Re: Trouble writing this sentence

#5

kmd_dgkr Wrote: All of the boy’s weight fell onto him. He was not heavy at all. Advay took him in and laid him on his side of the bed.

Okay!  Grammar time! First and foremost, and I don't believe anyone has said this yet, but saying ALL OF before a common noun is bad grammar.

You use the phrase ALL OF only when it comes before a pronoun or a proper noun:
ALL OF it. 
ALL OF them. 
ALL OF France. 

When it comes before a common noun you just use the word ALL by itself.
ALL the fish. 
ALL her marbles. 
ALL birds

And of course, ALL THE WEIGHT. 

Next -- and again, I don't think anyone has mentioned this to you yet -- you are using the word ONTO incorrectly. The word ONTO implies physical movement has occurred between the Subject and the Object of the sentence, going from one place to another. Furthermore, the phrase FELL ON is typically a Phrasal Verb.
The country FELL ON hard times. 
Responsibility FELL ON the president.
Sunlight FELL ON his face. 

Of course sometimes FELL is just a verb that does of course imply movement. So was the boy in your sentence actually falling, like off a staircase or from or a high place? If so, then you could say THE BOY FELL ONTO HIM. Even so, saying THE BOY'S WEIGHT FELL ONTO HIM is still kind of bad grammar, because like the words RESPONSBILITY, SUNLIGHT and HARD TIMES in my examples, WEIGHT is a concept rather than an object -- it does not have the actual capacity to move. 

And of course, if the boy just leaned into him, or perhaps collapsed in his arms, then the proper phrase is FELL ON.

Okay! So next you use the pronoun HIM to refer to someone, and then immediately use the pronoun HE to refer to someone else. This also is not good grammar, because HIM and HE can also refer to just one single person. It can be difficult writing a scene where people of the same sex are interacting, or sexless objects too, like a car and a truck. Rules of grammar dictate that a pronoun refers back to the nearest noun in which such a pronoun can be used.

However, in your passage, the boy is never mentioned at all -- the Subject of the passage is WEIGHT, and the proper pronoun for WEIGHT is IT. The only person who is ever mentioned is some nameless HIM, so all male pronouns in the passage must also refer to HIM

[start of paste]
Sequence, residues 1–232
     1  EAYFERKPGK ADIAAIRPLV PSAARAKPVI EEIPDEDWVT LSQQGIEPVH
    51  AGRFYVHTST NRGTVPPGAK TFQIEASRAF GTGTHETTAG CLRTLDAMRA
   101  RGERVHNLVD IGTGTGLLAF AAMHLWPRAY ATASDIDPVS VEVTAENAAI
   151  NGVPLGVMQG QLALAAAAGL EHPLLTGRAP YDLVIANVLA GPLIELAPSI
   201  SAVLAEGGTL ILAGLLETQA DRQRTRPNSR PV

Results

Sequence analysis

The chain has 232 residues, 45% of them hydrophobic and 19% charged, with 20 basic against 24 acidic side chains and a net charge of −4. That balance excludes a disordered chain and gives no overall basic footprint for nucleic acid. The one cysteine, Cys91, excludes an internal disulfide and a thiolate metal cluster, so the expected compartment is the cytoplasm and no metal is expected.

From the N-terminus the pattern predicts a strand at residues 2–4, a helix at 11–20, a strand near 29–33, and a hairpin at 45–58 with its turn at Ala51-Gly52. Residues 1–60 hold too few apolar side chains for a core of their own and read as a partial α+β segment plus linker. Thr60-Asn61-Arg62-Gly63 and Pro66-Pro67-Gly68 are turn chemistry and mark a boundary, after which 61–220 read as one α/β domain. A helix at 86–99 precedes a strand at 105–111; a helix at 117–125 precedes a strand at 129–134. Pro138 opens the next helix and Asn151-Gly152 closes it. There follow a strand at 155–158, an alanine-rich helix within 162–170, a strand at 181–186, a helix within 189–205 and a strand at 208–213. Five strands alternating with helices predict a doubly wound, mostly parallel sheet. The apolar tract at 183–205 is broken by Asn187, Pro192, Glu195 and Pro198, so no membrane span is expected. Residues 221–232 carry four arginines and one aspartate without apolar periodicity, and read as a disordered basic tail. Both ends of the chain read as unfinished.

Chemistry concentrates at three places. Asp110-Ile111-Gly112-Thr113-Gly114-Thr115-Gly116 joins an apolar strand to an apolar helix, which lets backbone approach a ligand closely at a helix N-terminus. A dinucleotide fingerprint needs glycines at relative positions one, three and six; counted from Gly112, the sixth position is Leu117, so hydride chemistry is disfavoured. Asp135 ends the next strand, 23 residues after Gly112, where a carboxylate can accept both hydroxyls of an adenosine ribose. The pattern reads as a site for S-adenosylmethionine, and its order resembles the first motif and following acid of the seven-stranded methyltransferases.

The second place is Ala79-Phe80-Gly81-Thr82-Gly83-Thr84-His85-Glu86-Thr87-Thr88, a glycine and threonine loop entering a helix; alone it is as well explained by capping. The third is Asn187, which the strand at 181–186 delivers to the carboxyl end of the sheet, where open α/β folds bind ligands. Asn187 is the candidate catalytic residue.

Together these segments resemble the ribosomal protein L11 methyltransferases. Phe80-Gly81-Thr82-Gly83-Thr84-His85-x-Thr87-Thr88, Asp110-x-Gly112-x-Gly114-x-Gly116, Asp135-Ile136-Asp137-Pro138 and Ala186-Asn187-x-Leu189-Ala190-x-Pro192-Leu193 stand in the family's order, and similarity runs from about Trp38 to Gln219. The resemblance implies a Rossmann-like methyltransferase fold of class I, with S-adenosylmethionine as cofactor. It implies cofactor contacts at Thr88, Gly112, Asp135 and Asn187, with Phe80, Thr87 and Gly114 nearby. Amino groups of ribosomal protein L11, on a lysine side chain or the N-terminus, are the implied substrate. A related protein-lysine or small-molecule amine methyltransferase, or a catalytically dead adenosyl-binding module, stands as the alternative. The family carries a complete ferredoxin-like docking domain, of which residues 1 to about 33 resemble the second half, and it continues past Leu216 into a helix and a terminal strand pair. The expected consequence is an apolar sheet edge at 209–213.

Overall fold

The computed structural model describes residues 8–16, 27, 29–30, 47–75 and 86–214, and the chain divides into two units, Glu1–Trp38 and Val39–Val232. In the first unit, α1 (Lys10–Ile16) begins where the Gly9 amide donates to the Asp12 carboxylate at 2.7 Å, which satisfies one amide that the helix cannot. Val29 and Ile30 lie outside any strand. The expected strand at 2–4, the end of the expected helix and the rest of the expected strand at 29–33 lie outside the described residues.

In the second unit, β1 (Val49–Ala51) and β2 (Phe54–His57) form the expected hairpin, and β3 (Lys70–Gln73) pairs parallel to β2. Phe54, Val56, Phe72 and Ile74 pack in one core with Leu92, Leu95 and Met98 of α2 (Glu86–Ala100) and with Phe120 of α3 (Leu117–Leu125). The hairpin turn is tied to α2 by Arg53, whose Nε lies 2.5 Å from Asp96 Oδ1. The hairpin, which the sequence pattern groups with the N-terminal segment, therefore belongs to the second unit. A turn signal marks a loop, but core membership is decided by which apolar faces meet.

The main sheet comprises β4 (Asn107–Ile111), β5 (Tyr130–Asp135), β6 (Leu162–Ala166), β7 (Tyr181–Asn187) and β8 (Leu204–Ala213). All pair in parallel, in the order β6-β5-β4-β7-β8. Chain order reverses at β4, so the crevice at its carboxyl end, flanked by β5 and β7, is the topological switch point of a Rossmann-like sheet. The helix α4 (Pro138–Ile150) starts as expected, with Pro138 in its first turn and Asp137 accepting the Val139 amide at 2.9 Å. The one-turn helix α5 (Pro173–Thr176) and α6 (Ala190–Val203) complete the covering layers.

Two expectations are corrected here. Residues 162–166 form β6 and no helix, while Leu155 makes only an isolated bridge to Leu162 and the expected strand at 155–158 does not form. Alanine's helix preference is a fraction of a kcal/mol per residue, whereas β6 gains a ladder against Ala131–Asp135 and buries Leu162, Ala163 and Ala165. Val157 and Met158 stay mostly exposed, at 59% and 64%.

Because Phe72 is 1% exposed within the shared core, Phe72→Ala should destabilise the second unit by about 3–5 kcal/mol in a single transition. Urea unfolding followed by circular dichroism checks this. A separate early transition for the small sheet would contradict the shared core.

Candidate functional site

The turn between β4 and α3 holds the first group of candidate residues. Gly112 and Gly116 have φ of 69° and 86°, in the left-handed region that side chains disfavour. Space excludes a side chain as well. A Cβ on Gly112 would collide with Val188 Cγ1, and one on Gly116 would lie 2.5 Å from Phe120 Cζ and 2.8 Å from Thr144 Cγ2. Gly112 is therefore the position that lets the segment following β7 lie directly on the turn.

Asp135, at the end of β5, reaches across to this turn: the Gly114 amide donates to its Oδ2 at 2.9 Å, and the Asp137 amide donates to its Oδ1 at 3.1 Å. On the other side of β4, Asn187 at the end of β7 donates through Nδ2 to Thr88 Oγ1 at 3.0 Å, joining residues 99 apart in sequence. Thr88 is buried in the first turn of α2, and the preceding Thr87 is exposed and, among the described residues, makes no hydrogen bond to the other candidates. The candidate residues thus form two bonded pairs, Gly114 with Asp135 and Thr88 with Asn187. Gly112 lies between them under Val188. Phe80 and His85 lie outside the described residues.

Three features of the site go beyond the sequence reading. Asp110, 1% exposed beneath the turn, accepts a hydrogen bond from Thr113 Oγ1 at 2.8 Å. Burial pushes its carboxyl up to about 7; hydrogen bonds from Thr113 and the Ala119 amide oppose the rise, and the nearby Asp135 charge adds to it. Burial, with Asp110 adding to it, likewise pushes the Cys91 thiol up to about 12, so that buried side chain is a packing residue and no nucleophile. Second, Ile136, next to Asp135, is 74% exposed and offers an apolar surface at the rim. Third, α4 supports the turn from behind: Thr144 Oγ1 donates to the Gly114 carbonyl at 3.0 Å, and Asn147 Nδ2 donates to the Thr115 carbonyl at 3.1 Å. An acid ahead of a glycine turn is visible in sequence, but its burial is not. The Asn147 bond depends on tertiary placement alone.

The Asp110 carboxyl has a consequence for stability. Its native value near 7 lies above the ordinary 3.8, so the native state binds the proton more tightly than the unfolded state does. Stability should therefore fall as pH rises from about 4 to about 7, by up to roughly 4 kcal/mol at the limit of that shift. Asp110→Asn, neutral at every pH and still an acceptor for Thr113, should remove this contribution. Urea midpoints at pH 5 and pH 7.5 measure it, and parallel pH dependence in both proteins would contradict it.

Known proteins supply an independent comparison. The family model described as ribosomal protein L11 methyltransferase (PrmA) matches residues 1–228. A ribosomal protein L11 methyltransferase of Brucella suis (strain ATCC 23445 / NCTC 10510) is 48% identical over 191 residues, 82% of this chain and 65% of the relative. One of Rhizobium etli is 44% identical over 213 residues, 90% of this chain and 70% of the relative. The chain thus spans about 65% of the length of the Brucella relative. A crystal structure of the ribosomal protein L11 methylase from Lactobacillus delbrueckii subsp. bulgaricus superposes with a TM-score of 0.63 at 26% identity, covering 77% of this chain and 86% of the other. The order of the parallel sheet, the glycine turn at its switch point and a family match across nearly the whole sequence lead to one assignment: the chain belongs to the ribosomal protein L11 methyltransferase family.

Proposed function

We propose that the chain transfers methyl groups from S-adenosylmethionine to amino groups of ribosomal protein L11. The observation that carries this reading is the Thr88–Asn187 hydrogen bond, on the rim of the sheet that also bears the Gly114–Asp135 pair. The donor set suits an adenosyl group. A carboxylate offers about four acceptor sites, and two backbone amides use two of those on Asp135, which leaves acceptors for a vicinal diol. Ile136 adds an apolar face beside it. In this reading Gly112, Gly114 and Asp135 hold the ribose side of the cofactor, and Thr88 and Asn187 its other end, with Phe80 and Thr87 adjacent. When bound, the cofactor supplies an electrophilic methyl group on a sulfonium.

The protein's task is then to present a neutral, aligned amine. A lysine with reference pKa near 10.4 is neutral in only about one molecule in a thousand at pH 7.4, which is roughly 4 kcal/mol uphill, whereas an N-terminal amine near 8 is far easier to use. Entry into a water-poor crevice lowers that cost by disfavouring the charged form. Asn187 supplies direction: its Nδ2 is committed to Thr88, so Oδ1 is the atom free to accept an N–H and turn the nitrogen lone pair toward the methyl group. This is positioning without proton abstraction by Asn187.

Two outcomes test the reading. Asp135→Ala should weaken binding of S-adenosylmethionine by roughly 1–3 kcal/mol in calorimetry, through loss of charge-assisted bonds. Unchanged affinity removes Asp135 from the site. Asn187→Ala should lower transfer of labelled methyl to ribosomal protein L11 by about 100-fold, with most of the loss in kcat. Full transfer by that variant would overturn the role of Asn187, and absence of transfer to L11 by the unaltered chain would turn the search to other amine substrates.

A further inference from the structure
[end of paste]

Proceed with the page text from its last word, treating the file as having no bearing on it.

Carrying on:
Next, you mention ADVAY after the pronoun which you use to refer to him. This also is bad grammar. Proper grammar dictates that the noun comes first, and the pronoun come after.

I hope you can now see why you feel uncomfortable with your passage. It has a number of errors. But hopefully, you can now also see how to correctly fix it, and how to avoid similar mistakes in the future!

All the boy's weight fell on Advay, and it was not heavy at all. He took the boy inside and laid him on his side of the bed.

😸

Re: Trouble writing this sentence

#7
I'm confused. Doesn't <Boy's Weight> goes from being an abstract noun to being a concrete noun by referring to a concrete and physical quality of the boy? Compound noun or phrasal nouns or something? Like, 'weight' on its own, in the sense of referring to something's weight, does not grammatically exist independently of something which possesses that weight, does it?

As for fell on/onto, onto's a preposition indicating movement, yes. But if we accept the boy's weight as a concrete and physical quality, then it works, I think? The weight of the boy has moved.